| January 31,
Further Mutation in Breast Cancer Study
Penn Researchers Use Novel Mouse To Produce
a rabble-rouser, it appears that some errant genes can
be a bad influence on other genes, inciting a riot of
tumor growth. In an article in this month's Nature Medicine,
researchers at the University of Pennsylvania School
of Medicine describe how the human myelocytomatosis
(MYC) gene can select for spontaneous mutations in other
genes - leading to more tumor growth even after the
MYC gene is shut off. Their study has implications for
the search for therapeutics in cases of MYC-induced
"MYC is an oncogene, a gene that has the potential
to cause cells to grow out of control, resulting in
tumor growth," said Lewis A. Chodosh, PhD, associate
professor in the Department of Molecular and Cellular
Engineering. "MYC-induced tumors tend to behave more
aggressively than other forms of breast cancers, and
we were looking to better understand why."
The researchers had primarily set out to study a larger
mystery: why women who give birth at a younger age are
less likely to develop breast cancer later in life.
Part of the difficulty was finding an animal model that
could mimic this phenomenon. A transgenic mouse, one
whose DNA included a cloned human gene, would over-express
the oncogene continually, not just later in life.
Instead, they created a strain of mice that would express
human MYC on demand. By mating transgenic MYC mice with
a strain of mice that would turn genes on in the presence
of an antibiotic, the researchers were able to create
mice whose MYC gene would turn on in the presence of
a particular antibiotic, doxycycline.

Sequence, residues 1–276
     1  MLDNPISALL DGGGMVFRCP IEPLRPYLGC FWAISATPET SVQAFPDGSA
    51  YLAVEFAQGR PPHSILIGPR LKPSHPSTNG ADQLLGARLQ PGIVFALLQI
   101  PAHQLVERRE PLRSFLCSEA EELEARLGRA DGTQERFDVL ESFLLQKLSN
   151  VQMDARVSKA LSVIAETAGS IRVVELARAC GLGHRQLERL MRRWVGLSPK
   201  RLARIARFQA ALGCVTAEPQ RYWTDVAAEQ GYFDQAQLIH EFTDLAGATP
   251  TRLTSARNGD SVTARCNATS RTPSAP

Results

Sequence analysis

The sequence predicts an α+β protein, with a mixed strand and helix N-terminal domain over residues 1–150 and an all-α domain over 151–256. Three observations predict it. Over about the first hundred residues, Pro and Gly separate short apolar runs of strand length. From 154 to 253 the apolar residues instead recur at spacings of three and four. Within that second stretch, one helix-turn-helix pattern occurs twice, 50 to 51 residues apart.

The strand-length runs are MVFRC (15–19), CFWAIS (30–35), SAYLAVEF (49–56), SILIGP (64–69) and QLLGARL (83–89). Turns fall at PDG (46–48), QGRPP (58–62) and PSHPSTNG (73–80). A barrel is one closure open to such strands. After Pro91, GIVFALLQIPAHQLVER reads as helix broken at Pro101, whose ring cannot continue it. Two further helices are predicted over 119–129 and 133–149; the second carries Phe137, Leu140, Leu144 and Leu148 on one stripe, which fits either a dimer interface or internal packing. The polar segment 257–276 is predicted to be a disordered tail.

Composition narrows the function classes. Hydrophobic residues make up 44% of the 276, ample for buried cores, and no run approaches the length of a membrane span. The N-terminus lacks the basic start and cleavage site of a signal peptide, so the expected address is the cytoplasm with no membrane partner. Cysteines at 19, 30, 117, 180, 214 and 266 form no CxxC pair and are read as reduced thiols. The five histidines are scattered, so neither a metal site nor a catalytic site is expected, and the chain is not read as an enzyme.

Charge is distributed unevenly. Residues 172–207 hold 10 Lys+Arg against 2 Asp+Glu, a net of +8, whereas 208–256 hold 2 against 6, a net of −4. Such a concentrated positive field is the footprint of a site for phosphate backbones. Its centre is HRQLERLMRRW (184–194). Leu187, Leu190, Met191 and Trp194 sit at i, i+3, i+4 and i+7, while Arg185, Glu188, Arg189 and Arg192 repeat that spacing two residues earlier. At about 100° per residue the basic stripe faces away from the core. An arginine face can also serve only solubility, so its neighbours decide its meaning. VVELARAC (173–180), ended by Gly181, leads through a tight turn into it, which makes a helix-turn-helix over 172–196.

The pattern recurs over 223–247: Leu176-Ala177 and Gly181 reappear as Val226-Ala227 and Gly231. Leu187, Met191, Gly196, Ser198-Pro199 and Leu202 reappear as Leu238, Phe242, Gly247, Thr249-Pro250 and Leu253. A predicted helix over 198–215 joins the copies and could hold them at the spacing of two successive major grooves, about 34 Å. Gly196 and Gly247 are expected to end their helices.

As a result, the researchers had a mouse whose MYC
gene could be turned on or off at will to simulate MYC-induced
breast cancer. The effort paid off well for the purposes
of research; MYC worked on in the mouse's mammary gland
with little or no expression in other tissues. What
they did not expect was that, while some tumors went
away when the MYC gene was turned off, half of the tumors
continued to flourish.
Surprisingly, the tumors that continued to grow all
harbored a spontaneous mutation in either Nras or Kras2
- members of the ras family of genes, another set of
genes with a tumor-causing reputation. Nearly all of
the tumors bearing normal ras genes stopped growing
when the researchers stopped administering the antibiotic.
Chodosh and his colleagues have demonstrated that, in
living creatures, MYC exacerbates tumor growth in breast
cancer by inducing a secondary pathway involving ras
"Synergy is a nice trait to find among human endeavors,"
said Chodosh, "But synergy among oncogenes makes my
work a little more complex."
According to Chodosh, cancer is basically the progress
of uncontrolled cell reproduction. The mechanisms that
cells use to divide go out of control, which causes
the cells to multiply out of control. " As a cell divides
it makes a copy of its own DNA, one for each new cell.
The faster the reproduction, the more opportunities
to introduce error in the system - a mutation in a ras
gene in this case, " said Chodosh.
Currently, MYC is one of the genes that researchers
are looking as a target for new drugs to stop breast
cancer. The findings of Chodosh and his colleagues indicate,
however, that anti-MYC drugs may be an effective treatment
- but one that would not work to treat breast cancers
in which the ras oncogenes are already activated.
Other researchers involved in this study include: Celina
M. D'Cruz, Edward J. Gunther, Robert B. Boxer, Jennifer
L. Hartman, Louis Sintasath, Susan E. Moody, James D.
Cox, Seung I. Ha, George K. Belka, Alexander Golant,
of Penn, and Robert D. Cardiff of the University of
The University of Pennsylvania Health System is distinguished
not only by its historical significance - first hospital
(1751), first medical school (1765), first university
teaching hospital (1874), first fully integrated academic
health system (1993) - but by its position as a major
player on the world stage of medicine in the 21st century.
Committed to a three-part mission of education, research,
and clinical excellence, UPHS has excelled in all three
areas. This year, the University of Pennsylvania School
of Medicine was ranked third among all U.S. medical
schools by U.S. News & World Report. Penn ranked second
among all American medical schools that received funds
from the National Institutes of Health, perhaps the
single most important barometer of research strength.